Today I read the teeniest-tiniest book. It’s actually an essay, masquerading as a book. It’s Ursula K. Le Guin’s The Carrier Bag Theory of Fiction, and it is, for some reason, quite offensively purple (my copy, that is).
But let’s not get distracted by the purple. Maybe you love purple. Maybe you even love purple the way that I love Ursula K. Le Guin.
I really believe that she was a true visionary—a unique thinker who was also very generous, and wise, and just a really, really good storyteller.
The Carrier Bag Theory of Fiction has a pretty on-point title. Building on the theory that the first cultural inventions must have been some sort of containers (A leaf a gourd a shell a net a bag a sling a sack a bottle a pot a container. A holder. A recipient.), Le Guin puts forth the idea of the novel as a bag, something in which we can have space to carry and hold things.
I love this concept. And I love that it is in direct opposition to the notion of story as conflict, which she also declares is reductive nonsense.
I am a person who is endlessly drawn to fiction-writing, although plagued by the usual self-doubts and limiting beliefs, which have to be resolutely set aside daily in order to take up my pen. As a less-than-confident writer, I have read and listened to my fair share of writing how-to guides and advice, and have frequently come up against this idea that story=conflict. It has always stymied me. I write for love of language, to capture the slow moments of life, for its beauty and depth. Not for what Le Guin calls “the story that hid my humanity from me, the story the mammoth hunters told about bashing, thrusting, raping, killing, about the Hero.”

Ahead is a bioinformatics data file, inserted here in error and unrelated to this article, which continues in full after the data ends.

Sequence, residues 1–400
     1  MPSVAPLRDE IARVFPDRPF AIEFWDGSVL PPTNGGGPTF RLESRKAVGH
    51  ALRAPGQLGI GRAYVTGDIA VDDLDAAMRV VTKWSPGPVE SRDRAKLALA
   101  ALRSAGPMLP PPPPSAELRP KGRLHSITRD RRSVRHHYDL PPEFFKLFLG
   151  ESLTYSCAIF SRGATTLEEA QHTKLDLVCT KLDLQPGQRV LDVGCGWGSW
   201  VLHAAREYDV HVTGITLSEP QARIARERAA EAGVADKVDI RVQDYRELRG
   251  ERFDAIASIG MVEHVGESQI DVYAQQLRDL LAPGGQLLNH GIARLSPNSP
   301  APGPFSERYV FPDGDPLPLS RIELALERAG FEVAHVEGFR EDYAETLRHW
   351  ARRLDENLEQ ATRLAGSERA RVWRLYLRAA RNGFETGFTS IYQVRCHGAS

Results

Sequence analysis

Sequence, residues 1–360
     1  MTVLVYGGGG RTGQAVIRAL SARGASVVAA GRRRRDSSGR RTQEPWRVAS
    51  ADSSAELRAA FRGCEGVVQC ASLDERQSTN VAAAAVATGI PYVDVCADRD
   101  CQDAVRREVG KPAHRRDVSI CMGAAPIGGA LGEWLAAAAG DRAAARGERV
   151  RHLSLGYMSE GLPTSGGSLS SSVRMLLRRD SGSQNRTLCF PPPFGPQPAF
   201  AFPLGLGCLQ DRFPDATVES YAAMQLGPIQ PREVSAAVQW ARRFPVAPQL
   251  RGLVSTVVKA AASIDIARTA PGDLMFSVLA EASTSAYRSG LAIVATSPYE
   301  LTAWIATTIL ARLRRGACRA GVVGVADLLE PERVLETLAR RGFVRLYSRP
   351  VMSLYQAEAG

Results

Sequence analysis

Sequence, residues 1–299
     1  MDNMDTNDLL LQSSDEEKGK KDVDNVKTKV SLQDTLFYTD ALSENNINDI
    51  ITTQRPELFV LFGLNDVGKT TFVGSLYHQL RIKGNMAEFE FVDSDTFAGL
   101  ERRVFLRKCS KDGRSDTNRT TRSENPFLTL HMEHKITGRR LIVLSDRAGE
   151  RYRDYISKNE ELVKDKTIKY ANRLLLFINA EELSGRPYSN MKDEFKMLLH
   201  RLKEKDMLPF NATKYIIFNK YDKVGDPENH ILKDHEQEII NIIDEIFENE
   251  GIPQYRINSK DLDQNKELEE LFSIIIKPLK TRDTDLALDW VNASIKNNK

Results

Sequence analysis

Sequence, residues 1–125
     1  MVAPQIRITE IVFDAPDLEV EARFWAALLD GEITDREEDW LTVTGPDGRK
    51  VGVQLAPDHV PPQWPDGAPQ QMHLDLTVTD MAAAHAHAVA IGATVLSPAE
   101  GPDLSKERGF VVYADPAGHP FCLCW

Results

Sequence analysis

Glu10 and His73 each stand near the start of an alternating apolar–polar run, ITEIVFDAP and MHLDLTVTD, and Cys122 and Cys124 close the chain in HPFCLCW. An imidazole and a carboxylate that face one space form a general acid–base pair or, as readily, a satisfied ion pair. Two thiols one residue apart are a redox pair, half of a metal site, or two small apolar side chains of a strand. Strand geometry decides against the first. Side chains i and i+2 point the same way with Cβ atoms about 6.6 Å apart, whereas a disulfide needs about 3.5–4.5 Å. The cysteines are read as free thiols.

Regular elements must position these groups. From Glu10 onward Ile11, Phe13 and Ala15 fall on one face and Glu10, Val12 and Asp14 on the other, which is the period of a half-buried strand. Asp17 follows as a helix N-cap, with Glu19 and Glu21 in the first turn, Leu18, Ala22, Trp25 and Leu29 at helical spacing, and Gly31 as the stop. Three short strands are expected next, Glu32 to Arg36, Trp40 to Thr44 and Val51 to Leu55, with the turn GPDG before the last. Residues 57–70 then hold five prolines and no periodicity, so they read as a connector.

And so I am 100% on board with the carrier bag theory of fiction. The idea that when the shape of narrative is a container and not a weapon, it can hold so much more, and that it “cannot be characterised either as conflict or as harmony, since its purpose is neither resolution nor stasis but continuing process.”
Plus, she points out, the Hero isn’t at his most attractive in this bag: “You put him in a bag and he looks like a rabbit, like a potato.”
Remember when I said that Le Guin was a visionary? Well, she’s a really, really down to earth one. I laugh-snorted, quite unattractively, the whole way through this essay, which is another reason why I love her.
It’s a very female kind of idea, this carrier-bag-shape vs. that of the arrow or spear, and she references Elizabeth Fisher’s book Women’s Creation as the source of the phrase “carrier bag theory of evolution.” I also love her idea as a subversive, feminist reclaiming of a story that is life-giving, rather than conquering.
My teeny-tiny edition, which was published by Ignota Books, includes an introduction by Donna Haraway, a feminist scholar and scientist who has the distinction of becoming the first ever tenured professor in feminist theory in the U.S., at the University of Santa Cruz. Haraway’s introduction links the essay to three literal carrier bags, given to her by various women in Colombia during a working visit there in 2019. The connection between Le Guin’s essay and the textile arts of the women in Colombia—who weave and sew and embroider as a way to facilitate healing, storytelling, and rebinding—is quite interesting. It’s another layer to this tale. I feel it would have been better served as an afterword, once Le Guin has laid the foundation with her unparalleled skill, but it is a thought-provoking inclusion nevertheless.
And now off. As Le Guin says, there are stories to be told, things to be gathered and held like the precious and tiny and potent seeds that they are.
“I would go so far as to say that the natural, fitting shape of the novel might be that of a sack, a bag. A book holds words. Words hold things. They bear meanings.”